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Astronomers have discovered a new molecule in space.  And it's very special

Astronomers have discovered a new molecule in space. And it's very special

American scientists have a new molecule explore In space, it is called 2-methoxyethanol. It was a major achievement as they obtained data from Lille, France and received help from Copenhagen and Florida.

“Our team is trying to understand the molecules found in the regions of space where stars and solar systems eventually form,” explains researcher Zachary Freed from the famous institute. Massachusetts Institute of Technology (MIT) Outside. “We're trying to figure out how chemistry evolves during the process of star and planet formation. We do this by looking at the spin spectra of molecules, the unique patterns of light they emit as they roll past each other in space.

“These patterns are the fingerprints or barcodes of molecules. To discover new molecules, we first have to have an idea of ​​the molecule we want to look for, then we can record its spectrum in a laboratory on Earth and then we will eventually search for that spectrum in space using telescopes.” He continued. .

Complex task
Recently, researchers have also begun to use machine learning to choose the best molecules to search for. Last year, this AI model suggested targeting 2-methoxyethanol. “There are a number of 'methoxy' molecules in space, such as dimethyl ether, methoxymethanol, diethyl methyl ether, and methyl formate, but 2-methoxyethanol will be the largest and most complex molecule we have ever seen,” he said.

But of course it is not as simple as the computer model makes it out to be. The researchers first had to measure and analyze the rotation spectrum of the molecule on Earth. To do this, they combined experiments from the University of Lille, New College of Florida, and MIT's McGuire Laboratory itself. This allowed them to measure the spectrum over a wide range of frequencies, from microwaves to submillimeter wavelengths, between 8 and 500 gigahertz.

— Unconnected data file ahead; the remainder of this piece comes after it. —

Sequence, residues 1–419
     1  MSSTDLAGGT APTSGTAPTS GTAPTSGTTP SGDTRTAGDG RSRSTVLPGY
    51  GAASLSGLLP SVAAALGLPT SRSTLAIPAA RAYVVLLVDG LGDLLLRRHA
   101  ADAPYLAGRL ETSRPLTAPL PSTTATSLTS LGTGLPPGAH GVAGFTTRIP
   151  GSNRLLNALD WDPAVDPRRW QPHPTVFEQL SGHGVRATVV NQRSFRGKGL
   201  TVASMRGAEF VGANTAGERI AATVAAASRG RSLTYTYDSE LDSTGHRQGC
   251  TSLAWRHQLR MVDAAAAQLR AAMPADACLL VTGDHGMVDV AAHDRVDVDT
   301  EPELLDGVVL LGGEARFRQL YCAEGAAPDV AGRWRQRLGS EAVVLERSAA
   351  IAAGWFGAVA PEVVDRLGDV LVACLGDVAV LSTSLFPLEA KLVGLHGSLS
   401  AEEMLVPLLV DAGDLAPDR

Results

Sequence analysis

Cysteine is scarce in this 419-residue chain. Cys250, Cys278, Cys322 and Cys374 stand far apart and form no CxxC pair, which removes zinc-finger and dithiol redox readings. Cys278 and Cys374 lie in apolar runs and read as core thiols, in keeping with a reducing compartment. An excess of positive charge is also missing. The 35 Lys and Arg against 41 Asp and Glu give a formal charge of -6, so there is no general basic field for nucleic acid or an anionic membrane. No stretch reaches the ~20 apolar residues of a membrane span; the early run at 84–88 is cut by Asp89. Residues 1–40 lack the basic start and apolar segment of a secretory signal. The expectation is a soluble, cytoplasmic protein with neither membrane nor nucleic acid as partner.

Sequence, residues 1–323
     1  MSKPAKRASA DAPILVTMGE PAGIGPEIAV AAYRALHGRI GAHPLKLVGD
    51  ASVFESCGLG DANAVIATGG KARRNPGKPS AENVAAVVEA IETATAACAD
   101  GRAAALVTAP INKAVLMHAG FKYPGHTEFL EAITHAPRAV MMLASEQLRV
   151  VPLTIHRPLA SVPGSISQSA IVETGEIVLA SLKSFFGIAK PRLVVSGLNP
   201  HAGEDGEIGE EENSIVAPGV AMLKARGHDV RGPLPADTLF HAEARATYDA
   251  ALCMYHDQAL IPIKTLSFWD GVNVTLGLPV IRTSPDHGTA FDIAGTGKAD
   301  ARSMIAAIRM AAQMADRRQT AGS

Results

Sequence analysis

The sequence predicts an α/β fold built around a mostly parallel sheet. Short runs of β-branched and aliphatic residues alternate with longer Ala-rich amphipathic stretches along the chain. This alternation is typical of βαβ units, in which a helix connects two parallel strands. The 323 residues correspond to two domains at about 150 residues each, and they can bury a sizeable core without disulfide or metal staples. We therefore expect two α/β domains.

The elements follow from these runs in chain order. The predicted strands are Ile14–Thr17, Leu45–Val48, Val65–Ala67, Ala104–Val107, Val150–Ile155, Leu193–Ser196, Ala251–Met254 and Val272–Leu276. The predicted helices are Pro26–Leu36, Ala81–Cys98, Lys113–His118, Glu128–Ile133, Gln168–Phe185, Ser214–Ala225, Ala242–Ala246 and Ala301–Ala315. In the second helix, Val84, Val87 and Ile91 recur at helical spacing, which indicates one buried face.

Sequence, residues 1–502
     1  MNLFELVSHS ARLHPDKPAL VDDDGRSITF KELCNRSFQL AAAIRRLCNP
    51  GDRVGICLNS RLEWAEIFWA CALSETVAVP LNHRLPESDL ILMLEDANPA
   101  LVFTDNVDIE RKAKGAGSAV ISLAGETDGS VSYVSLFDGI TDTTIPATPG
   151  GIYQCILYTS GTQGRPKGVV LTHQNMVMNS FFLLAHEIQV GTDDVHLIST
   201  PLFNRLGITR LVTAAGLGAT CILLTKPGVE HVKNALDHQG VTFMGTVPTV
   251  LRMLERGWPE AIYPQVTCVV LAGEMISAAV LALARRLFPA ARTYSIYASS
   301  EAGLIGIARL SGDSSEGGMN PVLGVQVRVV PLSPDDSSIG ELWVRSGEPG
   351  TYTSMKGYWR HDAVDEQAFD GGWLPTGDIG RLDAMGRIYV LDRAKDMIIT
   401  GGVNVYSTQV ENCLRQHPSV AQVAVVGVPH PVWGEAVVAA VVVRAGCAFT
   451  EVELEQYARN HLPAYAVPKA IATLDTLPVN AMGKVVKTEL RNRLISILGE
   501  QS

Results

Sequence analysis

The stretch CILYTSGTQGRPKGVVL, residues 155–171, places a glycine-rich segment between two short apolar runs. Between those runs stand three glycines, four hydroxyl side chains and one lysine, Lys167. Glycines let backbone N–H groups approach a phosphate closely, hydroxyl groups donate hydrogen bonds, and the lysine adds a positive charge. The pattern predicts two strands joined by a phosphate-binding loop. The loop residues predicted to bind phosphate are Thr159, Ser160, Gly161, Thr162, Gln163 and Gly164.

They can use the data generated by these measurements to really deal with Atacama Large Millimeter/Submillimeter Array (ALMA) to search for the molecule in two separate star-forming regions: NGC 6334I and IRAS 16293-2422B. These telescope observations then had to be examined by three research groups.

“We eventually saw 25 lines of 2-methoxyethanol rotation that matched the molecular signal we observed in NGC 63341 — the matching barcode — leading to the clear detection of methoxyethanol in this source,” Fried says. “This allowed us to infer the physical parameters of the molecule, such as its extent of presence and excitation temperature.”

Excitation temperature
Excitation is a complex word that means the temporary movement of part of an atom from one shell to another, which is higher on the energy spectrum within the same atom.

Such discoveries of new molecules help researchers better understand the evolution of molecular complexity during the process of star formation in space. 2-Methoxyethanol, which consists of thirteen atoms, is very large by stellar standards. As of 2021, only six molecules larger than thirteen atoms have been discovered outside our solar system and all of them were ring-shaped structures, while the newly discovered sample is more elongated.

“Continued observations of macromolecules and subsequent inferences about their existence will allow us to increase our knowledge of how efficiently macromolecules form and the specific interactions they produce,” he said.

“Since we found this molecule in NGC 6334I but not in IRAS 16293-2422B, we have a unique opportunity to look at how the different physical conditions of these two sources affect the resulting chemistry.”

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The Atacama Large Millimeter/submillimeter Array (ALMA) in Chile consists of 66 radio dishes ranging from 7 to 12 meters in diameter. They are observed at millimeter and sub-millimeter wavelengths. It is the largest astronomical project in the world and is located in the Atacama Desert in northern Chile, at an altitude of more than 5 kilometers above sea level.